IX Transparence is the highest, most liberating value in art – and in criticism – today. Transparence means experiencing the luminousness of the thing itself, of things being what they are ... What is important now is to recover our senses. We must learn to see more, to hear more, to feel more ... The function of criticism should be to show how it is what it is, even that it is what it is, rather than to show what it means.

X In place of a hermeneutics [a systematic mode of discovering meaning] we need an erotics of art. From Susan Sontag, Against Interpretation and Other Essays (1965), pp. 3–14; these extracts are from the essay’s sections III, IV, VIII, IX, X, pp. 6, 7, 13–14.

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F. Scott Fitzgerald, The Great Gatsby And then came that disconcerting ride. We hadn’t reached West Egg village before Gatsby began leaving his elegant sentences unfinished ... ‘Look here, old sport,’ he broke out surprisingly, ‘what’s your opinion of me, anyhow?’ A little overwhelmed, I began the generalised evasions which that question deserves. ‘Well, I’m going to tell you something about my life,’ he interrupted. ‘I don’t want you to get a wrong idea of me from all these stories you hear ... I’ll tell you God’s truth.’ His right hand suddenly ordered divine retribution to stand by. ‘I am the son of some wealthy people in the Middle West – all dead now. I was brought up in America but educated at Oxford, because all my ancestors have been educated there for many years. It is a family tradition.’ He looked at me sideways – and I knew why Jordan Baker had believed he was lying. He hurried the phrase ‘educated at Oxford’, or swallowed it, or choked on it as though it had bothered him before. And with this doubt, his whole statement fell to pieces, and I wondered if there wasn’t something a little sinister about him after all. ‘What part of the Middle West?’ I enquired casually. ‘San Francisco.’ ‘I see.’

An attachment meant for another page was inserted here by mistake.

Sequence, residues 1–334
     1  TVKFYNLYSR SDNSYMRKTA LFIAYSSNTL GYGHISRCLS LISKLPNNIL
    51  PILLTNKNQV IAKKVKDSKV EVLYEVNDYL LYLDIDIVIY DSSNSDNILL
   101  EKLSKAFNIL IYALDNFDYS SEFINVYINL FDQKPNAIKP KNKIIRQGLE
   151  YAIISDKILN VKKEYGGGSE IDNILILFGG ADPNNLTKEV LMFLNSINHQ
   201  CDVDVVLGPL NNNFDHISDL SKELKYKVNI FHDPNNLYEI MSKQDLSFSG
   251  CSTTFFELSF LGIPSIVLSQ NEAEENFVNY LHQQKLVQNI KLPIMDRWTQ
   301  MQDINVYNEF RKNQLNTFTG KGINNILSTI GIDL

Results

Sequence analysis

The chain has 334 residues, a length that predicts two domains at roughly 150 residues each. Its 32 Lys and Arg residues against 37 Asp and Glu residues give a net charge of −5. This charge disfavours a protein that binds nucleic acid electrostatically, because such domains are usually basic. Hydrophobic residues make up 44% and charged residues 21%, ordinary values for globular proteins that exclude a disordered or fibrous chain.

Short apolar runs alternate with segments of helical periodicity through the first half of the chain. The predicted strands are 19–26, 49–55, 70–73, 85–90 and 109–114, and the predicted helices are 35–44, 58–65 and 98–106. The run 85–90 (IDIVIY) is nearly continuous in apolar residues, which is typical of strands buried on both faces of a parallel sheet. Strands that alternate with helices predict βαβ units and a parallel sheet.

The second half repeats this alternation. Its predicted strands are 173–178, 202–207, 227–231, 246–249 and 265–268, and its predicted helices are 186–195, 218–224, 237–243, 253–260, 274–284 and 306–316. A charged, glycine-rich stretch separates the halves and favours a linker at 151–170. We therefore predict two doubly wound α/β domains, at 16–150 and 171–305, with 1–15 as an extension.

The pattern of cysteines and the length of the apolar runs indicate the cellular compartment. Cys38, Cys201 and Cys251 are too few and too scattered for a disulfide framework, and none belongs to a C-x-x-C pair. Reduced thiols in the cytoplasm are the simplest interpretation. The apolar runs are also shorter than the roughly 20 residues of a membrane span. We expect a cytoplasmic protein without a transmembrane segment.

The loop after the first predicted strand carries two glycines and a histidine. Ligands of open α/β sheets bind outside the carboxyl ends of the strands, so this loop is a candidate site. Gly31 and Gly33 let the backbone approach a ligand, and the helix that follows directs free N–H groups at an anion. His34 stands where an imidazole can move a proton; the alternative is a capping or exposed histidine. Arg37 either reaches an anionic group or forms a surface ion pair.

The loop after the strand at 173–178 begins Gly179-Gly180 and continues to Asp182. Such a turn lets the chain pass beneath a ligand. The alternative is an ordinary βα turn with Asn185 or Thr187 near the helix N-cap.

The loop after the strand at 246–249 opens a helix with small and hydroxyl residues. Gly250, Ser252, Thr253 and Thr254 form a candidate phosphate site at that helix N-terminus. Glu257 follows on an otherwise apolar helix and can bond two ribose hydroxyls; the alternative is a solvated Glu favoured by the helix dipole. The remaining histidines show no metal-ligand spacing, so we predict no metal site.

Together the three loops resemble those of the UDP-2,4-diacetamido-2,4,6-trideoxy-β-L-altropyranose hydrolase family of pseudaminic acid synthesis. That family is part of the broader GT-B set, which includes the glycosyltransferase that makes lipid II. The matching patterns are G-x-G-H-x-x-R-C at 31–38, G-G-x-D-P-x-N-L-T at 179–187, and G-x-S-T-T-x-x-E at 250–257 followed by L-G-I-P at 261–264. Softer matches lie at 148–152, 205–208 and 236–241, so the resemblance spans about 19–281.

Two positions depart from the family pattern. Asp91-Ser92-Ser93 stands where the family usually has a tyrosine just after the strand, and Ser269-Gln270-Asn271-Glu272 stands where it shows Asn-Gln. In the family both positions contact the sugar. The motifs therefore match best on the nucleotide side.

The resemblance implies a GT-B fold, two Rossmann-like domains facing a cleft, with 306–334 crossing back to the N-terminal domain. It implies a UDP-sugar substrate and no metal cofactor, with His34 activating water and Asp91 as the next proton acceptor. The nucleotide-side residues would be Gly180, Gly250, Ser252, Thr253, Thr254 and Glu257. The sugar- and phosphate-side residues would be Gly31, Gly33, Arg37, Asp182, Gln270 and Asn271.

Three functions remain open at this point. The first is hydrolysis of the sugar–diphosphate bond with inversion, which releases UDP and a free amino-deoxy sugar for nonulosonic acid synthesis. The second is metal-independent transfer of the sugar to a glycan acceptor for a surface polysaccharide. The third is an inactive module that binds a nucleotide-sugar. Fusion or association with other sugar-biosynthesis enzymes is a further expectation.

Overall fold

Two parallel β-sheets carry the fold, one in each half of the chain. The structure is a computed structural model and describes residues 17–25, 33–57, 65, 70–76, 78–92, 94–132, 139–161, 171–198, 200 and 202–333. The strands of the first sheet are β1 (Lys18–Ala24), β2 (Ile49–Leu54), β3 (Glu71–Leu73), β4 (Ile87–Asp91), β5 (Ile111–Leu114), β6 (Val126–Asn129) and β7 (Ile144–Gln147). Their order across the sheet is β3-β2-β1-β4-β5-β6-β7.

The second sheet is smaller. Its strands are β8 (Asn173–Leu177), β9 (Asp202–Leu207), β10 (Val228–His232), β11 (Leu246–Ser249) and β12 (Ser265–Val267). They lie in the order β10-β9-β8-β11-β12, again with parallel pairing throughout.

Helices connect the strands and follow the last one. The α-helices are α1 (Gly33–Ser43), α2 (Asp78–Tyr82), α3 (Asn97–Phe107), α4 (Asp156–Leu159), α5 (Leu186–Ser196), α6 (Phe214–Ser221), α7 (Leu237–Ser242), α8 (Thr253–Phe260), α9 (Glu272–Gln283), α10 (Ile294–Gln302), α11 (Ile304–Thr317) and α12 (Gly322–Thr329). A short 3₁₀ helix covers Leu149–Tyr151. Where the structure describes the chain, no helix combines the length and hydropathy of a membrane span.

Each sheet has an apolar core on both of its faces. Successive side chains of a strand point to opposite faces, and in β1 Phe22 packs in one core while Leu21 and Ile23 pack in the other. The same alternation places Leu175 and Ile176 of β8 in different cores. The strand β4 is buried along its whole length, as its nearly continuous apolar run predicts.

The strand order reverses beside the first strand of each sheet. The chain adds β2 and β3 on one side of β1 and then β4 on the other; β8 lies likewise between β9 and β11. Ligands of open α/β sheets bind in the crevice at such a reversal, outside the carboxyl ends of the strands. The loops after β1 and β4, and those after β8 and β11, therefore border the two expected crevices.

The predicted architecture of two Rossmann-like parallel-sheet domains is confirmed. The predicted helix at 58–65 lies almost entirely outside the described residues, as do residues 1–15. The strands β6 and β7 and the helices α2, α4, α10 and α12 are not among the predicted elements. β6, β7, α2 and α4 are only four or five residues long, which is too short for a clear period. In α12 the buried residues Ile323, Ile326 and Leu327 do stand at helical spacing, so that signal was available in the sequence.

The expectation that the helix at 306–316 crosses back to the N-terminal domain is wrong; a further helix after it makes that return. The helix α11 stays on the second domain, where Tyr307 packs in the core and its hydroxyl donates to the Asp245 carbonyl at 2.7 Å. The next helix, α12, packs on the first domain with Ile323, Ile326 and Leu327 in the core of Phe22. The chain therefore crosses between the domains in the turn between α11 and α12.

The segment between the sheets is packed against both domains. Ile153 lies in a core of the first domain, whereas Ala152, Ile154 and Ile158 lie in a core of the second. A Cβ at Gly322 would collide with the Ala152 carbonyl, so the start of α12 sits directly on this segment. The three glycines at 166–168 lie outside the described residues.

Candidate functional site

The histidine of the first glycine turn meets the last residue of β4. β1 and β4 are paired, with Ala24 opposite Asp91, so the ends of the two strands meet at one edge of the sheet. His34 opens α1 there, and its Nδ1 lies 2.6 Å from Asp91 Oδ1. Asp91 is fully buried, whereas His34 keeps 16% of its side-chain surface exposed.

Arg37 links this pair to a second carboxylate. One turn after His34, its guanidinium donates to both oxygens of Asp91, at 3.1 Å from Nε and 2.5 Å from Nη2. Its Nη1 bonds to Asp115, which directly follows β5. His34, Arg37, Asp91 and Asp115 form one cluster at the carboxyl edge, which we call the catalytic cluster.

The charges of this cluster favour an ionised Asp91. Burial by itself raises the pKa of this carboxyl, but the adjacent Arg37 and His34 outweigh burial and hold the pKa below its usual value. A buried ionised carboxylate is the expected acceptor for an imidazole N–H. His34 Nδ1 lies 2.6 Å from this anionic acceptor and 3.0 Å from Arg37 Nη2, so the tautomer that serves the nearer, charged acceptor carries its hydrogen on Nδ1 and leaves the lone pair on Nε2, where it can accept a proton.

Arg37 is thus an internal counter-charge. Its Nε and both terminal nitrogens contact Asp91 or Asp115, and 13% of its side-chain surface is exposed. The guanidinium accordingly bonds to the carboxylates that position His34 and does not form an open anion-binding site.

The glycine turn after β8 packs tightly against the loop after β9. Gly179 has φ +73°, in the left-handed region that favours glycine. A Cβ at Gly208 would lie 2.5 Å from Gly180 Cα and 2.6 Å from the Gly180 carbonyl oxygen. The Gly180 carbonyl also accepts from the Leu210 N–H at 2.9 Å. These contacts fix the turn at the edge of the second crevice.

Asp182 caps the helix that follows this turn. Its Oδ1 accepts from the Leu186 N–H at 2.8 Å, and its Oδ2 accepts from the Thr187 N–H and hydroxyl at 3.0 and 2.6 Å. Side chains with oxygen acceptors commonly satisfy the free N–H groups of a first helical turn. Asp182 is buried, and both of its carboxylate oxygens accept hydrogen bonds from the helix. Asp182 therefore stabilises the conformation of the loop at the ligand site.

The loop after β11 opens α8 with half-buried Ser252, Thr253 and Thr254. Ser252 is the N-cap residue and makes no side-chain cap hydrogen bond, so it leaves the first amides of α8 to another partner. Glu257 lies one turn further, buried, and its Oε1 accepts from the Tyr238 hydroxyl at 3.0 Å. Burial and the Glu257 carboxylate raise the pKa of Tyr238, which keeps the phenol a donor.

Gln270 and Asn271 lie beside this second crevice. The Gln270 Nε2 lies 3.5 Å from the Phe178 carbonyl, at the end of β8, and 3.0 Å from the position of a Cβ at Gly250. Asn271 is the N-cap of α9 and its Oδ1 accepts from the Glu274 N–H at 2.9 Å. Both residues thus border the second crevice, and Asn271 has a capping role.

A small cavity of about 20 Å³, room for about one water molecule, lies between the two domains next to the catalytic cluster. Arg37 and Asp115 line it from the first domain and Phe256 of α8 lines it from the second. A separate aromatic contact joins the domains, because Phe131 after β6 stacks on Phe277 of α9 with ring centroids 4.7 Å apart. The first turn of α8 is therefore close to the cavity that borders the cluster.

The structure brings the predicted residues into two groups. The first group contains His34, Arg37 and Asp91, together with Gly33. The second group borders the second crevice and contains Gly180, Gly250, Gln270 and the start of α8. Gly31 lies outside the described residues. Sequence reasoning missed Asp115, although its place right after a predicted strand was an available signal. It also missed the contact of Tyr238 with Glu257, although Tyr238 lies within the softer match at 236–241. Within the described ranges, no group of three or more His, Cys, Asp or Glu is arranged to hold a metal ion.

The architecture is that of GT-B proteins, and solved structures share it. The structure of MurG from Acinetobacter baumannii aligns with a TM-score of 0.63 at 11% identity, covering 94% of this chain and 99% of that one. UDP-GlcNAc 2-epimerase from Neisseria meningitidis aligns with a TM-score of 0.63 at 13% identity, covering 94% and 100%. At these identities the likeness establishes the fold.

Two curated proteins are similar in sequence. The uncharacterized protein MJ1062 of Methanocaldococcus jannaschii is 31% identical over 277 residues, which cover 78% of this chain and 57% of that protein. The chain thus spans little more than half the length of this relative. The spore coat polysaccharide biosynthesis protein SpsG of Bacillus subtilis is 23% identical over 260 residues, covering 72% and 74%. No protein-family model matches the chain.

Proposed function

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‘My family all died and I came into a good deal of money.’ His voice was solemn, as if the memory of that sudden extinction of a clan still haunted him. For a moment I suspected that he was pulling my leg, but a glance at him convinced me otherwise. ‘After that I lived like a young rajah in all the capitals of Europe – Paris, Venice, Rome – collecting jewels, chiefly rubies, hunting big game, painting a little, things for myself only, and trying to forget something very sad that had happened to me long ago.’ With an effort I managed to restrain my incredulous laughter. The very phrases were worn so threadbare that they evoked no image except that of a turbaned ‘character’ leaking sawdust at every pore as he pursued a tiger though the Bois de Boulogne. ‘Then came the war, old sport. It was a great relief, and I tried very hard to die, but I seemed to bear an enchanted life. I accepted a commission as first lieutenant when it began. In the Argonne Forest I took the remains of my machine-gun battalion so far forward that there was a half-mile gap on either side of us where the infantry couldn’t advance. We stayed there two days and two nights, a hundred and thirty men with Lewis guns, and when the infantry came at last they found the insignia of three German divisions among the piles of dead. I was promoted to be a major, and every Allied government gave me a decoration – even Montenegro, little Montenegro down on the Adriatic Sea!’ ... My incredulity was submerged in fascination now; it was like skimming hastily through a dozen magazines. He reached in his pocket, and a piece of metal, slung on a ribbon, fell into my palm. ‘That’s the one from Montenegro.’ To my astonishment, the thing had an authentic look. ‘Orderi di Danilo,’ ran the circular legend, ‘Montenegro, Nicholas Rex.’ ‘Turn it.’ ‘Major Jay Gatsby,’ I read, ‘For Valour Extraordinary.’ ‘Here’s another thing I always carry. A souvenir of Oxford days. It was taken in Trinity Quad – the man on my left is now the Earl of Doncaster.’ It was a photograph of half a dozen young men in blazers loafing in an archway through which were visible a host of spires. There was Gatsby, looking a little, not much, younger – with a cricket bat in his hand. Then it was all true. I saw the skins of tigers flaming in his palace on the Grand Canal; I saw him opening a chest of rubies to ease, with their crimson lighted depths, the gnawings of his broken heart. From F. Scott Fitzgerald, The Great Gatsby (1926). Extract from the Penguin edn (1982), pp. 70–3.